Are your Managers Coaches?

“In the future, people who are not coaches will not be promoted. Managers who are coaches will be the norm”.
Jack Welch, ex CEO GE

The job of managers is to lead their people – to develop them, to help them reach their potential and to support them to do their jobs well, and with fulfilment. Coaching is arguably the most effective tool managers have in their toolkit to achieve long term positive outcomes for their people and organisation. So how do you create the right climate, and skills, to transform your managers into coaches?

First of all, managers need to understand what coaching is and why it is important. They also need to be supported to learn the skills and make the time for coaching. Coaching is about assisting people to develop, enhance their performance and reach their potential. It can be focussed on addressing poor areas of performance but more importantly it is about working to strengths and setting and achieving goals.

Mike Noble identified five ways to transform managers into coaches :
1. Build the personal case for coaching. Managers need to understand the value of coaching and to understand WIIFM (what’s in it for me). You need to point out the positive impact that a coaching style of management can have on individual, team and organisational performance.
2. Establish some firm expectations and be clear that coaching is a key management responsibility. It should be a topic of discussion at every performance management review and clearly defined in job descriptions and objectives.
3. Teach coaching skills and put them to practice. Managers need support to develop core coaching skills such as listening, questioning, observing, building rapport, constructive analysis, feedback and empathy.
4. Give a manager a coach. There is no more effective means for learning than through hands-on experience – if your managers benefit from coaching they are more likely to see the benefit in coaching others. If you don’t have skilled coaches within your organisation, you should consider hiring third-party external coaches to work with your key managers.
5. Reward the best coaches with the best jobs. The managers who demonstrate the strongest coaching skills are likely to be the strongest performers and as such should be the ones who rise in the organisation, sending the right message to other mangers.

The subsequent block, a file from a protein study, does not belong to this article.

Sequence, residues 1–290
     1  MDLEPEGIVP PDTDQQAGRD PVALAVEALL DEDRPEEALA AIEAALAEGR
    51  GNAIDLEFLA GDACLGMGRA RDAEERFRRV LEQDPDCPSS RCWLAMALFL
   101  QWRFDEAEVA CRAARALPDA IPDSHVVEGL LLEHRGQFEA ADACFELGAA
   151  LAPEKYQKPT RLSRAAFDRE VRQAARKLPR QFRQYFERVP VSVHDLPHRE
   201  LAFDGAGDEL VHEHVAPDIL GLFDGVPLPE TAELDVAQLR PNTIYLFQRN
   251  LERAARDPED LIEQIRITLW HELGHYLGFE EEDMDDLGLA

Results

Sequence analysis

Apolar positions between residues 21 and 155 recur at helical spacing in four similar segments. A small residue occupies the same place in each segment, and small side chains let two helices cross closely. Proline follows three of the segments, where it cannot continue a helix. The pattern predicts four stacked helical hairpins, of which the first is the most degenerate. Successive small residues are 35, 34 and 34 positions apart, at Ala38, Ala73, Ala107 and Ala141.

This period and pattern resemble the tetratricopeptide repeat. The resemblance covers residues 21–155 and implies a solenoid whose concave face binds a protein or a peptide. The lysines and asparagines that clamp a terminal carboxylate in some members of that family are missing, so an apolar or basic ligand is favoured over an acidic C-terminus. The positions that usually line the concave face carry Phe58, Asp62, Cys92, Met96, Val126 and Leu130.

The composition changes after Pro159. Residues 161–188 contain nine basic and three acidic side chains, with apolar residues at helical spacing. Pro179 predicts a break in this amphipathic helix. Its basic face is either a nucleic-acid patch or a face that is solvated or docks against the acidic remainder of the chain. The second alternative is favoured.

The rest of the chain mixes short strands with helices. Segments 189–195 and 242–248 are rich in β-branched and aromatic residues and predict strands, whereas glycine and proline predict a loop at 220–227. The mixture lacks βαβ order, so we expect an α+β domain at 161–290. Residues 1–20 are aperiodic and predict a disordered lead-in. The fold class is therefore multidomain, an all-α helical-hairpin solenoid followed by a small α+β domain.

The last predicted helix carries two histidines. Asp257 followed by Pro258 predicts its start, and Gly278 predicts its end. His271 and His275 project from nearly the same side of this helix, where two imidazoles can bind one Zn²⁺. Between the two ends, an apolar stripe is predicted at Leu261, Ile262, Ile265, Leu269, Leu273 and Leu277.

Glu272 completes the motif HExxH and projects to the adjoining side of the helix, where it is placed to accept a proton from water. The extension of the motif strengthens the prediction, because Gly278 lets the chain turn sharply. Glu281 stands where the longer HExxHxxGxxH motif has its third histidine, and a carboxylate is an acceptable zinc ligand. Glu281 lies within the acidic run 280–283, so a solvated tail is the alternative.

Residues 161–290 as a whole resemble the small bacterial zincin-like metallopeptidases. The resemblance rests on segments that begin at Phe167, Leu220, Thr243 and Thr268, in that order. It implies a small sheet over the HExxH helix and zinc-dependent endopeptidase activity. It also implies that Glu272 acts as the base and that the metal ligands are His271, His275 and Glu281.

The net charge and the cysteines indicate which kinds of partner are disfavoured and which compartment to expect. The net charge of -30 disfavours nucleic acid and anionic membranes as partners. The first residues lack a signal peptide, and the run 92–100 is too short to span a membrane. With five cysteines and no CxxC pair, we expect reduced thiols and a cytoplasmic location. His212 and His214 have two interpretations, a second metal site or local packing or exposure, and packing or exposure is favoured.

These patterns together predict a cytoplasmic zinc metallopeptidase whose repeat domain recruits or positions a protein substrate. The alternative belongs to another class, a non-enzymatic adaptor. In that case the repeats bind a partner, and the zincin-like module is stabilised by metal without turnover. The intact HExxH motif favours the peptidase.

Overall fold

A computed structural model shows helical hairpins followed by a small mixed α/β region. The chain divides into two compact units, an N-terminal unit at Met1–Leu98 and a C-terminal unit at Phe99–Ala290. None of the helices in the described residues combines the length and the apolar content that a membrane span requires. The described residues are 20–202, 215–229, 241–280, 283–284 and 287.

An effective coaching culture requires visible sponsorship from the top of the organisation and the policies and frameworks to embed coaching in the organisation. Alan Fine , renowned coach and author, offers three practical steps to building the right culture for coaching:
1. providing a clear process, or conversation map, for leaders to follow
2. spotting everyday opportunities so that coaching becomes an ongoing conversation
3. making coaching visible by measuring, rewarding and reinforcing coaching behaviours.

With budgetary and time pressures, executives also need both the financial support and the permission – or better still expectation – of prioritising coaching and mentoring activities. Without this coaching will tend to be ad hoc and may lack impact at an organisational level.

A huge benefit of coaching as a form of development is that it works best when its undertaken ‘on the go’. Employees benefit more from regular coaching conversations, reviewing what’s worked well and what can be improved.

Bawany (2015) goes further and argues that achieving strong employee engagement and retention necessitates the development of a comprehensive needs-based coaching plan with internal buy-in and support. He asserts that a ‘coaching culture needs the disciplines of building a shared vision, learning and a desire for personal mastery to realise its potential’. This concept of equipping and supporting coaches as managers not only fosters a positive coaching culture, if its consistently applied throughout the organisation it also impacts at the most senior levels.